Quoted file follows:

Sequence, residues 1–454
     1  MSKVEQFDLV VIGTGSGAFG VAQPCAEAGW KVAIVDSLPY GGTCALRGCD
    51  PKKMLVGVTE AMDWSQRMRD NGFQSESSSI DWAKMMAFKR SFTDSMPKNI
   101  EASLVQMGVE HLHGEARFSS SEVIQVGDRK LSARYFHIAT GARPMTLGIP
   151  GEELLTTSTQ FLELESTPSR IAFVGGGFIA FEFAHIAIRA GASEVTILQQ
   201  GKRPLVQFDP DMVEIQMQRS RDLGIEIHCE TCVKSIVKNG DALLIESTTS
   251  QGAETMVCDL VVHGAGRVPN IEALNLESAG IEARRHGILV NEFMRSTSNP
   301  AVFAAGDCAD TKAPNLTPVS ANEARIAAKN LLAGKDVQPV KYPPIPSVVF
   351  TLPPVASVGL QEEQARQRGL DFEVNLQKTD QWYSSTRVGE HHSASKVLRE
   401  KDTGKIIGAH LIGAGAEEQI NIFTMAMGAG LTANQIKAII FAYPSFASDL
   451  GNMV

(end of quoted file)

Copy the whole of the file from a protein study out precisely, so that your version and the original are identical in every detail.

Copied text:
Sequence, residues 1–454
     1  MSKVEQFDLV VIGTGSGAFG VAQPCAEAGW KVAIVDSLPY GGTCALRGCD
    51  PKKMLVGVTE AMDWSQRMRD NGFQSESSSI DWAKMMAFKR SFTDSMPKNI
   101  EASLVQMGVE HLHGEARFSS SEVIQVGDRK LSARYFHIAT GARPMTLGIP
   151  GEELLTTSTQ FLELESTPSR IAFVGGGFIA FEFAHIAIRA GASEVTILQQ
   201  GKRPLVQFDP DMVEIQMQRS RDLGIEIHCE TCVKSIVKNG DALLIESTTS
   251  QGAETMVCDL VVHGAGRVPN IEALNLESAG IEARRHGILV NEFMRSTSNP
   301  AVFAAGDCAD TKAPNLTPVS ANEARIAAKN LLAGKDVQPV KYPPIPSVVF
   351  TLPPVASVGL QEEQARQRGL DFEVNLQKTD QWYSSTRVGE HHSASKVLRE
   401  KDTGKIIGAH LIGAGAEEQI NIFTMAMGAG LTANQIKAII FAYPSFASDL
   451  GNMV